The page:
An Ohio University cheating scandal led GW to adopt two new computer programs this spring which could help identify plagiarism.
Beginning this semester, Safe-Assign, Blackboard’s plagiarism prevention arm, and EndNote, an Internet-based tool that runs through Gelman Library, will enable professors and students to check papers against a comprehensive database of all internet source materials, more than 2.6 million ProQuest articles and other student papers.
“It is absolutely critical that writers carefully document where they got what material while they are researching a topic, if they want to avoid inadvertently plagiarizing a source,” said Carol Sigelman, associate vice president for graduate studies and academic affairs. “A big plus is that students can use the program to help ensure that they are not inadvertently plagiarizing.”
More than half of the academic dishonesty cases every year involve plagiarism, Sigelman said.
The adoption of these programs is the University’s response to 2006 instances of plagiarism at Ohio University, she said. Ohio University caught more than 30 students directly copying more than 14 identical pages, including subtitles, from other students’ master’s theses, according to The Chronicle of Higher Education,
Following the incident, Executive Vice President for Academic Affairs Donald Lehman asked Sigelman to investigate plagiarism at GW, and produce a report on the issue.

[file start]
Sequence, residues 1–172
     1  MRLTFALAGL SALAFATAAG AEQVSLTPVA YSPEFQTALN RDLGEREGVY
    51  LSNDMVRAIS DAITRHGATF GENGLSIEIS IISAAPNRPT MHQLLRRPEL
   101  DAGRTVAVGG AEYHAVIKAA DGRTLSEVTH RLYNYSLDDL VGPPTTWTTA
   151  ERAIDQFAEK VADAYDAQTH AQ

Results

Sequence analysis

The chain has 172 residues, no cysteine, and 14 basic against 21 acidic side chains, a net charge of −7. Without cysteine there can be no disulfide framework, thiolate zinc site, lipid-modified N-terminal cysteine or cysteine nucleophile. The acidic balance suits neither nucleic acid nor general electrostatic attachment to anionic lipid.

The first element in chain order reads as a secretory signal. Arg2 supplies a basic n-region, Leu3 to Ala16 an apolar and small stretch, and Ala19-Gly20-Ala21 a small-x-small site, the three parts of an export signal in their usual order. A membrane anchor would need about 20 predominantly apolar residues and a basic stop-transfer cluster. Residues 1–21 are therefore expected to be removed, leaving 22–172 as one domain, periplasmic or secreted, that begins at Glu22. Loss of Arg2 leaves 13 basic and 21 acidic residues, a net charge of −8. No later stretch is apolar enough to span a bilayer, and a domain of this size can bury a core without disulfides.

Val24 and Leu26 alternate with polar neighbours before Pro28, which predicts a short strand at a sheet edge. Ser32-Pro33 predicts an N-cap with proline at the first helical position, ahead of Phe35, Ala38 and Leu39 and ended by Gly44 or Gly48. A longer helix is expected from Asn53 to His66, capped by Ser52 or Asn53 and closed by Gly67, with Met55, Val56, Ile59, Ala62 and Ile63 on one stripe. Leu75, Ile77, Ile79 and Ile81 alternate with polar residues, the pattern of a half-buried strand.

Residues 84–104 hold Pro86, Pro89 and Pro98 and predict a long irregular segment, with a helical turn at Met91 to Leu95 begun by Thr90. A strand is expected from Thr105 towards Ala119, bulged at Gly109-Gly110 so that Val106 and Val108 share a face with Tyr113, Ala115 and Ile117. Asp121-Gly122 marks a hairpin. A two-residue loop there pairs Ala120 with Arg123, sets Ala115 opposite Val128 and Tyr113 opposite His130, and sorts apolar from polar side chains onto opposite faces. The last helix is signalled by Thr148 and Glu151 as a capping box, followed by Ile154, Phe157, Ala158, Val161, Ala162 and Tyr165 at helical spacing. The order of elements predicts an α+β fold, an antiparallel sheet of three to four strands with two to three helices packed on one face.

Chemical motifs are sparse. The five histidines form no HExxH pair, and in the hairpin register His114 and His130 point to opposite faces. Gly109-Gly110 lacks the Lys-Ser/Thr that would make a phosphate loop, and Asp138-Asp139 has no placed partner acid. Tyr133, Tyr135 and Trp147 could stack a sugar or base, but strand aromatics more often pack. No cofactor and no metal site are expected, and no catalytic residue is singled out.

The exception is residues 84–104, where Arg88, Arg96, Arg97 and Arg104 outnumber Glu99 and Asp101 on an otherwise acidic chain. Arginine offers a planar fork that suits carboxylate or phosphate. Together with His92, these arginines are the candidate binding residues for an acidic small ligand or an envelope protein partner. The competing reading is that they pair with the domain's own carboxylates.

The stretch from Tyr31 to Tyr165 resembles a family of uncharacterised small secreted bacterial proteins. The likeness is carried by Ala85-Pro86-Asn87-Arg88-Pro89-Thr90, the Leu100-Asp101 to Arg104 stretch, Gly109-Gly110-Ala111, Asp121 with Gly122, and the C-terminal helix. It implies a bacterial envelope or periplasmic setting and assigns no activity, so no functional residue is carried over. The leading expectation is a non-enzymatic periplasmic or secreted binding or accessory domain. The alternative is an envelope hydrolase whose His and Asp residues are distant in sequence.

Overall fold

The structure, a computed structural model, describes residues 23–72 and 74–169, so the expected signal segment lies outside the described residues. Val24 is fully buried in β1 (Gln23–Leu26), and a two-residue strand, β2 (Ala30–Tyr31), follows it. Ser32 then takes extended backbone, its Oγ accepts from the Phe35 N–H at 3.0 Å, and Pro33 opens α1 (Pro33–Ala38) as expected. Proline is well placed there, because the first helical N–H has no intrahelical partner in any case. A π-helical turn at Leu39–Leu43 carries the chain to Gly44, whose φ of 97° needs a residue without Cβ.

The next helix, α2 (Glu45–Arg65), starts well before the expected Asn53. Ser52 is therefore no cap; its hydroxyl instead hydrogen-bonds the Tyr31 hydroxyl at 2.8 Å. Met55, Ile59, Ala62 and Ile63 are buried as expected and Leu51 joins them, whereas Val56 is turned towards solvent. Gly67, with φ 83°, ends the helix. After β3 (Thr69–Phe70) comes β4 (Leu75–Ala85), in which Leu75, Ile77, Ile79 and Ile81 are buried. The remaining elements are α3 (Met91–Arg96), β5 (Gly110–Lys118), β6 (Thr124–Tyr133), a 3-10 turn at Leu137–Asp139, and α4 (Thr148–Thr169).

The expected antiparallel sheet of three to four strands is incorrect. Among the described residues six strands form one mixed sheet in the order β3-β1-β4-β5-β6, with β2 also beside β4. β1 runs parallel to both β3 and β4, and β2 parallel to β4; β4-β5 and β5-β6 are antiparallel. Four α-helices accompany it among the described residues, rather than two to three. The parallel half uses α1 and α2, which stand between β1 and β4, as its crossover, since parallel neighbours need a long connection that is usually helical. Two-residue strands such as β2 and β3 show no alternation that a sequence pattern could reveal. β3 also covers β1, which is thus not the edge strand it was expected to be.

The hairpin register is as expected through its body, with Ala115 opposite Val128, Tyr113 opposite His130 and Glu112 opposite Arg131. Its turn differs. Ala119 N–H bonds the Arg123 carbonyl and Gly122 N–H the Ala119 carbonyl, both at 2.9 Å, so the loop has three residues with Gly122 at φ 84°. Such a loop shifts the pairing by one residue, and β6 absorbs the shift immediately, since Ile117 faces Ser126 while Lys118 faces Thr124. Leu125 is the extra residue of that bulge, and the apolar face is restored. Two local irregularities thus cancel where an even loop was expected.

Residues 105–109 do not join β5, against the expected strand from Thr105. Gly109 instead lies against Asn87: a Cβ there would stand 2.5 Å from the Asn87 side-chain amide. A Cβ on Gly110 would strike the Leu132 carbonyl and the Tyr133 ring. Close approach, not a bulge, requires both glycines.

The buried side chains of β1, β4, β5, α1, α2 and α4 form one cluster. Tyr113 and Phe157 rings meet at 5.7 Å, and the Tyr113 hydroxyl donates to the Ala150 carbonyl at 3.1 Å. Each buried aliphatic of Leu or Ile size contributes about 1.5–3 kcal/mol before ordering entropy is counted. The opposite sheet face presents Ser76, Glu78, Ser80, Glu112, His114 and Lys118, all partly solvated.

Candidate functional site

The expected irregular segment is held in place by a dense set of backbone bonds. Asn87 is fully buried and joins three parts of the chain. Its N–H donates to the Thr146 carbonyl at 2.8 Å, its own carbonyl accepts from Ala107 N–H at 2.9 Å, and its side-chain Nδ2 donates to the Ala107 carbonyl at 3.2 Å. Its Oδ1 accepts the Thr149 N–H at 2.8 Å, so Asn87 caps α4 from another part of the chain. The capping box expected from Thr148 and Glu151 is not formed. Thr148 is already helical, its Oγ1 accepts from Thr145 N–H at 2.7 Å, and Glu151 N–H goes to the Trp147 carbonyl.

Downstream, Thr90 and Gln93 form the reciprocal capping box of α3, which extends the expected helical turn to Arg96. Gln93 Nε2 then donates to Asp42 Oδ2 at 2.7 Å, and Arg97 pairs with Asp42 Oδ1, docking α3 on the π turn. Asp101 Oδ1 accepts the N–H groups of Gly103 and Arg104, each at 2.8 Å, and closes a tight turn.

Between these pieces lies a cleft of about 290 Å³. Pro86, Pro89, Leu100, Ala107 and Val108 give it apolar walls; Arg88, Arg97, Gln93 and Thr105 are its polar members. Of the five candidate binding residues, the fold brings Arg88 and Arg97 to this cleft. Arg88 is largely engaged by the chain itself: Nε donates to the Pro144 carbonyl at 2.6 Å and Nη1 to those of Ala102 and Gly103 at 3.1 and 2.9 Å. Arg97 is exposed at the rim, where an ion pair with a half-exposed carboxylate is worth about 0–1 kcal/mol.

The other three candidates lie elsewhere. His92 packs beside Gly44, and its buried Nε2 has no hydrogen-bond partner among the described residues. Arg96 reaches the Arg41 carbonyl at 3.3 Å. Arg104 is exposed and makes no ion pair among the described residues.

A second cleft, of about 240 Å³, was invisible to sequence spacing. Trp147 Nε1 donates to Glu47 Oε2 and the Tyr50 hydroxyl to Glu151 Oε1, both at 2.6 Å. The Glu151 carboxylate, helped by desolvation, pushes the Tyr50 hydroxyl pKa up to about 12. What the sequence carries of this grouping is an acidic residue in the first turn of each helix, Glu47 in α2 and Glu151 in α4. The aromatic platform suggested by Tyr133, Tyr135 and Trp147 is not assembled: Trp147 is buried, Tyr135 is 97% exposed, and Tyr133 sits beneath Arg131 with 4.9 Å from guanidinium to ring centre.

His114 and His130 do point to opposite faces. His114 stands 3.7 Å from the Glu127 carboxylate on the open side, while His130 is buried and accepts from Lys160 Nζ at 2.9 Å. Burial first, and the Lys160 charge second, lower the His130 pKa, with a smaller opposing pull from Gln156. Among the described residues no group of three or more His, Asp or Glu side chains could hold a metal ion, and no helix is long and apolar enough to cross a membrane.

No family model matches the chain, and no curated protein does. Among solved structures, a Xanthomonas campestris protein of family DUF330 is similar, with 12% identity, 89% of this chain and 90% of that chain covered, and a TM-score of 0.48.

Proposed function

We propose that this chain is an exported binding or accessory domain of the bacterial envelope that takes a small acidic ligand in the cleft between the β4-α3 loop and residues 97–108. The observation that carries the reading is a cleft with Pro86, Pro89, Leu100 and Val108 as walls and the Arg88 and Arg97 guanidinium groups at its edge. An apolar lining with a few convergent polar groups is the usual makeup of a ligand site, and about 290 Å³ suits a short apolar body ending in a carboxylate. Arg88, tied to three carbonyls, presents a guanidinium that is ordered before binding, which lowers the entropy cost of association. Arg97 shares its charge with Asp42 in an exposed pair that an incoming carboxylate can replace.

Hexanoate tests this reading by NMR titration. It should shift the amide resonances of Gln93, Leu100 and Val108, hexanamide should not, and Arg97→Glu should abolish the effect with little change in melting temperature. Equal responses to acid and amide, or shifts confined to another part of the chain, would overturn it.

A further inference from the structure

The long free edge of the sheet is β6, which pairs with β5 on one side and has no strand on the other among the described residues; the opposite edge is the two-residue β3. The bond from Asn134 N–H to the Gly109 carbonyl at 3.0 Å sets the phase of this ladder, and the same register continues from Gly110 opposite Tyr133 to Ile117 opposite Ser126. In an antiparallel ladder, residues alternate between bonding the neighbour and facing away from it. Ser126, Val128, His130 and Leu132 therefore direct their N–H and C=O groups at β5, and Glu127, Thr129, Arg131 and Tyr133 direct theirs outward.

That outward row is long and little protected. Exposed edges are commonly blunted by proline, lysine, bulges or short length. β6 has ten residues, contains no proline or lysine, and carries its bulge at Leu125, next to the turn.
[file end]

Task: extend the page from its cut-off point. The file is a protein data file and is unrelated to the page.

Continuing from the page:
Safe-Assign checks all submitted papers against several databases. Students can also use the program before they submit papers as a way to insert citations where they may have forgotten them. EndNote creates a bibliography for students by recording the Web sites and research papers visited.
“I think it is important to note that while these programs are helpful and beneficial in stopping plagiarism, I don’t think that students should be scared into abiding by the code of academic integrity,” said SA Sen. Kevin Kozlowski (ESIA-U), a junior. “While the programs are effective in stopping plagiarism, they scare students into following the code rather than inspiring them to abide by the code of academic integrity.”
Safe-Assign was released in July 2007 and is being used in the trial stage at other universities. According to Safe-Assign’s Web site, all Blackboard clients with Enterprises licenses will have access to this program.
Siegelman said, “No matter what resources we make available, in the end it is the faculty who do the most important education about academic integrity and scholarly practice in their discipline.”